I wish I’d written this article midway through my flight to Bangkok earlier this year. It would have given it a little extra “oomph.”

But, you see, when you’re flying halfway around the world in business class, your priorities are elsewhere. I was busy taking advantage of the champagne and high-end dining options, before kicking back on my fully lie-flat seat. It was pretty incredible.

That flight should have cost around $3,800. 

I paid $60.

And how did I manage that? I have Air Canada’s Aeroplan award chart program to thank.

Never heard of the Aeroplan award chart?

Well, now you have. And if you’re serious about points and miles, it might just become one of the most valuable tools in your arsenal.

In this article, we’ll be taking a deep dive into the Aeroplan award chart, to discover the best ways to book cheap business class flights around the world.

What is Air Canada Aeroplan?

Air Canada Aeroplan is the name of Air Canada’s loyalty program. As with almost every airline or hotel, customers can sign up and earn points by flying with Air Canada or one of its partners. Those points can be accumulated and redeemed for flights or other products and experiences related to the airline. 

It’s also the base for earning elite status with the airline. The more you fly or spend, the higher up the rankings you go. Each status ranking enjoys different perks, like priority boarding, free checked luggage, and even upgrades when available. The highest status in this case is Air Canada Super Elite Status.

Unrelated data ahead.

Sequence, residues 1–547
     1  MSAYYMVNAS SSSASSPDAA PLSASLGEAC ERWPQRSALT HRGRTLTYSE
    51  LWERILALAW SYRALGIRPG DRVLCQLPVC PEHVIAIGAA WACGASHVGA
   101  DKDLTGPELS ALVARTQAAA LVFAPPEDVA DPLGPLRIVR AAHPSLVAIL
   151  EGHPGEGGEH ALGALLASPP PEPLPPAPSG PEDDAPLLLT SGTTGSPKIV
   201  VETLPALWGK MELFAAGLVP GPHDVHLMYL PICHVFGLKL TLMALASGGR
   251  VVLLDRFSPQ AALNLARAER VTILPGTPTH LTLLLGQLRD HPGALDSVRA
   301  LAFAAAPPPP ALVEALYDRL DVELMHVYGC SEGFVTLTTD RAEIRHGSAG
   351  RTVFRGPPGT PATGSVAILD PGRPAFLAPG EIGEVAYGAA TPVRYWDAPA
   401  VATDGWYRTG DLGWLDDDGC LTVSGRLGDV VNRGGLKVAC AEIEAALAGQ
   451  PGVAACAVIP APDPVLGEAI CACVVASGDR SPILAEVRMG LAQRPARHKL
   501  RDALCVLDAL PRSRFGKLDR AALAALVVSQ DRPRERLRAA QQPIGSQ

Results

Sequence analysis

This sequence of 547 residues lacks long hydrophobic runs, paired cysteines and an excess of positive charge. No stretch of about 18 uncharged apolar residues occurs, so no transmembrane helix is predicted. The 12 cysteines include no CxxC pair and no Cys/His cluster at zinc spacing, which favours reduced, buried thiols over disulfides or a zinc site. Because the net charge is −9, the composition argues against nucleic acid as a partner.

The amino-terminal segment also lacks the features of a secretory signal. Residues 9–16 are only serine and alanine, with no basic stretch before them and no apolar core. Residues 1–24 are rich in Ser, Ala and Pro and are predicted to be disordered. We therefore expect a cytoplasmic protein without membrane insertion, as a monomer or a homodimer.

Elite status is great, but our focus today is purely on point redemption, and Aeroplan is up there amongst the most valuable programs on the market in this respect. Why? Because of the outstanding Aeroplan Award Chart.

What is the Aeroplan Award Chart?

To understand what the Aeroplan Award Chart is, we need to look at the broader trajectory of airline and hotel loyalty programs. Each airline uses its own method of dictating the value of its award flights. While every program is slightly different, they generally break down into two styles: dynamic pricing and award charts.

Dynamic pricing

Dynamic pricing, as the name suggests, features fluctuating rates depending on a number of variables. For example, it may tie an award seat to the demand for that flight or to the cash price. The truth is, besides a few, we don’t know the exact formula these programs use. The algorithm, if there is one, is entirely up to the airline. This can cause some programs, like Delta SkyMiles, to have obscenely high rates one day and then sudden drops the next.